A terribly unheralded film (among The Islands, at least) sneaks past Optimus Prime and dishes out glorious close ups of food and its achingly beautiful prep processes through a surprisingly grounded film, given its stellar lineup, of loss and redemption with a mean side of a great OST.
I was itching to catch the latest installment of the Transformers franchise when a single promotional banner for the movie, Chef, caught our eyes. Food movie. ‘Nuff said. Choice made, tickets and a Tater’s Sugar-free Green Tea in a Super cup purchased, we settled into an almost empty theater with a handful of Senior Citizens taking advantage of their government-mandated discounts to nap in air-conditioned comfort to the lull of “white noise”.
“When Chef Carl Casper (Jon Favreau) suddenly quits his job at a prominent Los Angeles restaurant after refusing to compromise his creative integrity for its controlling owner (Dustin Hoffman), he is left to figure out what’s next. Finding himself in Miami, he teams up with his ex-wife (Sofia Vergara), his friend (John Leguizamo), and his son to launch a food truck. Taking to the road, Chef Carl goes back to his roots to reignite his passion for the kitchen—while using social media as a true partner in its success.” (movie blurb)
The movie opened with Favreau slicing and dicing produce with convincing professional precision and flair. Hardcore foodporn sequences followed in the well-timed gaps provided for those in a storyline that went down light and easy. That Grilled Three(or more) – Cheese Sandwich sequence alone showed that on top of Cheddar, Monterey Jack and (whutt?!) Mozarella, like the movie, the food was made with as much devotion and love as the actual ingredients.
Packed with heavyweights many would say were underused, the film managed to cast powerhouses in supporting roles they played out with subtlety and restraint while nailing their character’s purpose in the story. Scarlett Johansson’s we-got-something-going-on-but-we-gotta-keep-it-professional interactions with Favreau gave us enough to click our tongue on without going deep into a subplot. A sequence where she enjoyed watching Favreau prepare some pasta and her humming in appreciation brought up the temperatures without even skirting the gratuitous bed scene. Sexy with everything kept on.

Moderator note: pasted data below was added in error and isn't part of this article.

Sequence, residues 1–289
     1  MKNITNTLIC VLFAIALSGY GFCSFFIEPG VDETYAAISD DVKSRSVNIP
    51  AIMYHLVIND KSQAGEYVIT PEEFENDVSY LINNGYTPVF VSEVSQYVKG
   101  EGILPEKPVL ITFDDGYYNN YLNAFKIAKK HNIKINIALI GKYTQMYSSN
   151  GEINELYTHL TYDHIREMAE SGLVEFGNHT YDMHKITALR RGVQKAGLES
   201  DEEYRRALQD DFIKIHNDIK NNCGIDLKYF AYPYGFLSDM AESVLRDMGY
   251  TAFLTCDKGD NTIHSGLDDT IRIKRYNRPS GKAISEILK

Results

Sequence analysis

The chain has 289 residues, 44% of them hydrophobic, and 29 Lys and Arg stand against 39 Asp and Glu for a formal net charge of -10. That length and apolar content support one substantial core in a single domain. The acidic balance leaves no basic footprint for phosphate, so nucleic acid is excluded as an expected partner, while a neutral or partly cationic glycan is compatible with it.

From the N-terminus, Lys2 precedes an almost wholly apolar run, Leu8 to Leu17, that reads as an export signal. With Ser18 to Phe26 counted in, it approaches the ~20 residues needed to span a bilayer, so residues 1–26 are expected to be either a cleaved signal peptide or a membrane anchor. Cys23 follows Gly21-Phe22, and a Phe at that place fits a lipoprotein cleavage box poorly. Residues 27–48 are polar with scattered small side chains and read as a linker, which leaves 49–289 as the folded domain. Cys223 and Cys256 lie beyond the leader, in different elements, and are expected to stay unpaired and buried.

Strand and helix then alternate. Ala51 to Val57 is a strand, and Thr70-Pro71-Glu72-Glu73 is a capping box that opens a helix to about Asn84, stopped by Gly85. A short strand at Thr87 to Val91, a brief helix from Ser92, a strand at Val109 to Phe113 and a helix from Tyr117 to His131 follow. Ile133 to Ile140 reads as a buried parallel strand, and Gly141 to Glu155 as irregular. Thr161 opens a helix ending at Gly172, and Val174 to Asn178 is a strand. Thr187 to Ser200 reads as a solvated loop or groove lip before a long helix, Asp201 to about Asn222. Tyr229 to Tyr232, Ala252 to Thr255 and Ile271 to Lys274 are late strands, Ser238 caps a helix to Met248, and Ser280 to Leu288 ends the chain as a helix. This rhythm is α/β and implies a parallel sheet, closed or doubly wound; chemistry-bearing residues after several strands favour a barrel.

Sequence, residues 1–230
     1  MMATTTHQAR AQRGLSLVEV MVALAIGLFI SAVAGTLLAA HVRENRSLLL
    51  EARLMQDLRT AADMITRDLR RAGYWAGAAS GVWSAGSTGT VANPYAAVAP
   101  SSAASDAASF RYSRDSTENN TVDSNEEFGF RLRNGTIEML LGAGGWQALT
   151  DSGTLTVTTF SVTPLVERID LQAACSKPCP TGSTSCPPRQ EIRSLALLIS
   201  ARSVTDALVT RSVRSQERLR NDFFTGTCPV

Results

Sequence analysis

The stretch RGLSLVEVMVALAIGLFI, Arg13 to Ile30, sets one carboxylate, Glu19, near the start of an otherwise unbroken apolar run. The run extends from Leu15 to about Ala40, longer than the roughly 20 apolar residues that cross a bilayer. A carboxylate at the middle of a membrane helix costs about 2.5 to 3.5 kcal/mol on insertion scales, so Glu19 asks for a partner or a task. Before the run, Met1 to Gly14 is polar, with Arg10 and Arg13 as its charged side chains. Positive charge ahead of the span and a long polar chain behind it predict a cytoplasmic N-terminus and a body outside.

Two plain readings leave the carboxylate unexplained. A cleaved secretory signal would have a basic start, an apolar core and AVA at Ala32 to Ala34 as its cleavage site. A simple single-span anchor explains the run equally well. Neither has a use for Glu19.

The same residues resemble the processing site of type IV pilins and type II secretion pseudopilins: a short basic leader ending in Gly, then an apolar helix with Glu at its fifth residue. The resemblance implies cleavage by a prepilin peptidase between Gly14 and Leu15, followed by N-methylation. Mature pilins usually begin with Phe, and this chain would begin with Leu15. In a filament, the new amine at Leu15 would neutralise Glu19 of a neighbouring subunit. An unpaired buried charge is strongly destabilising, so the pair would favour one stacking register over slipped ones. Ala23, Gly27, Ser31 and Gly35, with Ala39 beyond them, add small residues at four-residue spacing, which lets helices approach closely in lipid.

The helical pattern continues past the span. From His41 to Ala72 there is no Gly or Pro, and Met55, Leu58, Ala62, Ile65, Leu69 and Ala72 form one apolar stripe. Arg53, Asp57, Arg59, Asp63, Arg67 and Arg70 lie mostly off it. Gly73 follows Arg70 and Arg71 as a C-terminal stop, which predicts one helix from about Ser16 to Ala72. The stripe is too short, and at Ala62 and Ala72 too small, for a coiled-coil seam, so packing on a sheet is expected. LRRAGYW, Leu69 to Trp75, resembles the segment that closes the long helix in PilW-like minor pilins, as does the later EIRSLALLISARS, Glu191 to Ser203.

Sofia Vergara reined in her usual crazy but still brought on flavor. Dustin Hoffman played down the easy Gordon Ramsey while still holding a firm foot down. Robert Downey Jr. gave a very nuanced, comic performance — a more real-world Tony Stark–as Vergara’s first ex-husband in a single scene which also already told enough of his characters story and necessity without spinning into so many other establishing scenes. Amy Sedaris hit out strong and good in a fast-paced phone conversation scene which was a Public Relations: Social Media Crisis Management lesson in less than five minutes. John Leguizamo delivered in a role he already made his own over the years — Sancho Panza to every Quixote lead.
I find it hard to continue without giving out too much of the movie, if I haven’t already. The food shots alone are worth the tickets. As I have learned from movies in the recent years, it pays to sit through the credits. The bonus scene was the extended cameo of THE Roy Choi coaching Favreau through the Grilled Cheese Sandwich sequence. Poetry.
Immashutupnow. Watch it.